“Wheeling needs a floodwall badly,” he said, “and I’m sorry to learn that construction funds were stricken from the federal budget.”
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The interview turned to his trip, and Truman talked about how well his Chrysler was handling the challenge. He said his biggest regret was that he couldn’t travel without being recognized.
“I’ve found that it’s impossible to travel cross-country unnoticed,” George heard him say in concluding his lobby interview with Williams.
Mrs. Truman stepped off the elevator and George watched as she joined the ex-president and the couple walked into the coffee shop for breakfast. He couldn’t help but think about how much his late father-in-law, Tom Minns, would have relished hearing about his little McLure House adventure.
The McLure was no novice at playing host to famous politicians, entertainers, and military leaders since its opening in 1852. This wasn’t even Truman’s first visit. He had stayed there before as a Missouri Senator. During the Civil War, the hotel hosted General John C. Fremont, a renowned western explorer and the first presidential candidate of the anti-slavery Republican Party. Other Union Generals who hung their hats and spurs at the McLure were Generals William Tecumseh Sherman before his “march to the sea,” Ulysses S. Grant, before becoming the 18th President of the U.S., and William Rosecrans, the inventor, coal company executive and diplomat, before his devastating defeat at the Battle of Chickamauga. Presidential guests included Theodore Roosevelt and Woodrow Wilson, and, after Truman’s visit, Dwight Eisenhower, John F. Kennedy and Richard Nixon.
And, Wheeling was no stranger to making national political headlines in the 1950s. Before Truman’s visit, there was Sen. Joseph McCarthy’s famous “I have a list” speech delivered at the McLure in 1950 and covered by Wheeling reporter Frank Desmond. He also covered the equally famous meeting of Eisenhower and Nixon at Wheeling’s Stifel Airport on Sept. 25, 1952 when the then-presidential candidate Eisenhower told then-Senator Nixon that he would keep him on the ticket as candidate for vice president in spite of Nixon’s recent dust up over the disposition of expense account funds related to campaigning. Nixon’s “Checkers Speech” cleared the matter up to Eisenhower’s satisfaction and led to the Wheeling meeting.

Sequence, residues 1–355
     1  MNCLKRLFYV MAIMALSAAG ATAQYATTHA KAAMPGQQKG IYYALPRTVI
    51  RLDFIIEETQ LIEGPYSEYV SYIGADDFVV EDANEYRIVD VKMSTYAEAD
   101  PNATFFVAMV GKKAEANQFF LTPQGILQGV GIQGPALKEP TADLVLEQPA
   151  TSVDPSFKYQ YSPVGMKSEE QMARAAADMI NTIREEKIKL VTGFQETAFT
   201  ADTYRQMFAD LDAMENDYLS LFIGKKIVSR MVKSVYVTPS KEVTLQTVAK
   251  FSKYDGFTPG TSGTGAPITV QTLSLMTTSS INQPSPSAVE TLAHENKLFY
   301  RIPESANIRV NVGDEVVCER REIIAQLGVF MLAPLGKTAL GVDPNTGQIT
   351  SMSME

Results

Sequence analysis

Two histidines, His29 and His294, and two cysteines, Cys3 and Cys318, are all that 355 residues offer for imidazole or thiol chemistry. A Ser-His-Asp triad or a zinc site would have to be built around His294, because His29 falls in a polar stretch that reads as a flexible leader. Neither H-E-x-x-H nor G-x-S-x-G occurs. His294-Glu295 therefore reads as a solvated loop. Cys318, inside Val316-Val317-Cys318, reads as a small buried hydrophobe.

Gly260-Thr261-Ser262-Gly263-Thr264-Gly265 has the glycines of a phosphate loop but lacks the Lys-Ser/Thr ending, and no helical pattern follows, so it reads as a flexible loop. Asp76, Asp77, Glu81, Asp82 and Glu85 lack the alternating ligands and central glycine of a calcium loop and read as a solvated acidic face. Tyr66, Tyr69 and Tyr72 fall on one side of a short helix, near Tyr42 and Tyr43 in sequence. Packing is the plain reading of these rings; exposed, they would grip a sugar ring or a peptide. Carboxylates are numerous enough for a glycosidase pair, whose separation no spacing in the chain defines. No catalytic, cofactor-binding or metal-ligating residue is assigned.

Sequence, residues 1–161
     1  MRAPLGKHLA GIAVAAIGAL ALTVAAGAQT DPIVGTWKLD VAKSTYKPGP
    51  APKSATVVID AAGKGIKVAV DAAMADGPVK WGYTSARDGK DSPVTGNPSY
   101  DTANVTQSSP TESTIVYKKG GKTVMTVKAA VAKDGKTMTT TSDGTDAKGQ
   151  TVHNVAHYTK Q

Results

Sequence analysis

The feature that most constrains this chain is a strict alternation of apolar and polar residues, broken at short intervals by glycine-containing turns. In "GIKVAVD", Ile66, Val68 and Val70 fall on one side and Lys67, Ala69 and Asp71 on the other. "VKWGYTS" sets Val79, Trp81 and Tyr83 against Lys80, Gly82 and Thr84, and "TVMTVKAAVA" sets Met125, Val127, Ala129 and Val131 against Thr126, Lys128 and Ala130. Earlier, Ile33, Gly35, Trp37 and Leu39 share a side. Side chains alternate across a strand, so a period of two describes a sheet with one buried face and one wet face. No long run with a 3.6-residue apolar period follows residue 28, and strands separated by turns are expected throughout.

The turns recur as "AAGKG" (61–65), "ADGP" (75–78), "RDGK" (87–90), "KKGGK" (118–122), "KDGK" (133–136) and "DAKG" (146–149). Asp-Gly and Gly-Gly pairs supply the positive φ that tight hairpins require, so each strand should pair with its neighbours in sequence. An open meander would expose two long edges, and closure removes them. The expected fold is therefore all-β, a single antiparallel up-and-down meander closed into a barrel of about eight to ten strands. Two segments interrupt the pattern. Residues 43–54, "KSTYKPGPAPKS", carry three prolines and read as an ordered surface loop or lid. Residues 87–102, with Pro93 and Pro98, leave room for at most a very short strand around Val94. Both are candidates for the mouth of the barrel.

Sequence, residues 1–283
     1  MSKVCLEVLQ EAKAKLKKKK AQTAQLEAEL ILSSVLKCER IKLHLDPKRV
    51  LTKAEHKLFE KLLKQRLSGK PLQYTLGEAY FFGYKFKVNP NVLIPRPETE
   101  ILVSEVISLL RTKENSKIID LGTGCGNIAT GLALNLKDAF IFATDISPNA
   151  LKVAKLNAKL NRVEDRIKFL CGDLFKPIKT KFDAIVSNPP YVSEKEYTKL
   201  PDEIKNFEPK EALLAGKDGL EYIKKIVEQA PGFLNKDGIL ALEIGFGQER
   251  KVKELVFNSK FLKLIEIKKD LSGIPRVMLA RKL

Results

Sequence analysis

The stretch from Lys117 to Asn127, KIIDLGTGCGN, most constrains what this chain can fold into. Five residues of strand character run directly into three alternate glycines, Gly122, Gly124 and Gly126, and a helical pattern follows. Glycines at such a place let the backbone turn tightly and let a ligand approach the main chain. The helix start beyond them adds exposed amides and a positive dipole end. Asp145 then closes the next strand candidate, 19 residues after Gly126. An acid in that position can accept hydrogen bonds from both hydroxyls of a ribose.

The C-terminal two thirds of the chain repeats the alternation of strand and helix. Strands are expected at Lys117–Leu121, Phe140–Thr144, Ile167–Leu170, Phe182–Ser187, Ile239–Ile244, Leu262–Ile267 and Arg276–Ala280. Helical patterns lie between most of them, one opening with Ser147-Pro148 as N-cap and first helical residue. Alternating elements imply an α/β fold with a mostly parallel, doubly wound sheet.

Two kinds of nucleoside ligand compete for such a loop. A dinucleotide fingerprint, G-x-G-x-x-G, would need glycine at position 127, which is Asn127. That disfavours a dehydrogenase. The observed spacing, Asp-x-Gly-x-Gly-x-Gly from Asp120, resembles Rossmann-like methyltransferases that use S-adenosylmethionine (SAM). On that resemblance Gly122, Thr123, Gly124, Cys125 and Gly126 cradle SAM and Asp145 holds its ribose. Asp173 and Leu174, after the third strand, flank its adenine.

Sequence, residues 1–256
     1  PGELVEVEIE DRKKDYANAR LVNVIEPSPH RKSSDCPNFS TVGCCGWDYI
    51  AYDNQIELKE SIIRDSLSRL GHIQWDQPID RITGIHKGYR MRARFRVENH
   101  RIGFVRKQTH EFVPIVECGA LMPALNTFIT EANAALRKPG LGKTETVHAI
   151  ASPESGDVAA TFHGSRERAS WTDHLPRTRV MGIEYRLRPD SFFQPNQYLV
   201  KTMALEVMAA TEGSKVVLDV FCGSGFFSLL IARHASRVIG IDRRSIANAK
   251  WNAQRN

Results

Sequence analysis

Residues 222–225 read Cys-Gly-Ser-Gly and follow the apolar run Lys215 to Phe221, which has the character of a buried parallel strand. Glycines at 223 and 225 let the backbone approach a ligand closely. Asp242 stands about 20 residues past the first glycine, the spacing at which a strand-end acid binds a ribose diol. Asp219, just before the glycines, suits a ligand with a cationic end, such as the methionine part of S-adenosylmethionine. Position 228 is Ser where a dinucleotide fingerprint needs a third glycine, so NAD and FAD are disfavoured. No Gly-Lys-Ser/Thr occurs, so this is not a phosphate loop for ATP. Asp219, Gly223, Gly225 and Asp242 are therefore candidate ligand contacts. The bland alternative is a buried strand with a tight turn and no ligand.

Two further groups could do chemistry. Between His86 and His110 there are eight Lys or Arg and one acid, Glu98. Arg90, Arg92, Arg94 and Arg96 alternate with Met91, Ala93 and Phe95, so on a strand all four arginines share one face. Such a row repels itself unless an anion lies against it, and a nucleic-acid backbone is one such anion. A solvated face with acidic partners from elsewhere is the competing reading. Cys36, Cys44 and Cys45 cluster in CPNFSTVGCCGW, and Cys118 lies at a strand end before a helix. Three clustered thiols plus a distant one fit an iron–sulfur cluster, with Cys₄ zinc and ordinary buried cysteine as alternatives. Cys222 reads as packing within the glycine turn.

George headed back to work with a story to tell. Harry and Bess headed on to Washington, D.C., where they stayed in the elegant Mayflower Hotel and Harry held court with former colleagues in the U.S. Capitol. Eventually, they ended up in New York City, where they stayed at the famed Waldorf Astoria and Harry gave a speech to the Reserve Officers Convention.
In his speech, he spoke his mind about President Eisenhower’s plan to cut the military budget by 12 percent to pay for proposed tax cuts. Apparently, many in the president’s party believed atomic bombs were enough to keep the Soviet Union in check. Truman, on the other hand, believed that the U.S. needed to project strength with a strong military in addition to A bombs. He thought the president was sacrificing national security for tax cuts.
Unlike his late father-in-law, George really didn’t follow politics much. He was much more concerned with moving his wife, Mabel, toddler son, Terry, and mother-in-law, Lizzie, into the new house they purchased on Columbia Avenue in Elm Grove.